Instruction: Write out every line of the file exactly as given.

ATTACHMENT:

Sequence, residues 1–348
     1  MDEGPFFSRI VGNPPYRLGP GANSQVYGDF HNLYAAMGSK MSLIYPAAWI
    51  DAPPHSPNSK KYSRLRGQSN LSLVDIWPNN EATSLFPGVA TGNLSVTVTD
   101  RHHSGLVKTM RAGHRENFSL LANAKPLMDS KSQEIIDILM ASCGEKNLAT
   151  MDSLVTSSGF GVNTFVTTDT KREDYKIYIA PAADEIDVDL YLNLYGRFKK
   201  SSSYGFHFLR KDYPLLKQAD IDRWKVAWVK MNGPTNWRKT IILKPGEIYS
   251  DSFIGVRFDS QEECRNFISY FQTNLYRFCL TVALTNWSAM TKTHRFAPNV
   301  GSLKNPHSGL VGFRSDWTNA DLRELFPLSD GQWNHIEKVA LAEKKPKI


Sequence, residues 1–348
     1  MDEGPFFSRI VGNPPYRLGP GANSQVYGDF HNLYAAMGSK MSLIYPAAWI
    51  DAPPHSPNSK KYSRLRGQSN LSLVDIWPNN EATSLFPGVA TGNLSVTVTD
   101  RHHSGLVKTM RAGHRENFSL LANAKPLMDS KSQEIIDILM ASCGEKNLAT
   151  MDSLVTSSGF GVNTFVTTDT KREDYKIYIA PAADEIDVDL YLNLYGRFKK
   201  SSSYGFHFLR KDYPLLKQAD IDRWKVAWVK MNGPTNWRKT IILKPGEIYS
   251  DSFIGVRFDS QEECRNFISY FQTNLYRFCL TVALTNWSAM TKTHRFAPNV
   301  GSLKNPHSGL VGFRSDWTNA DLRELFPLSD GQWNHIEKVA LAEKKPKI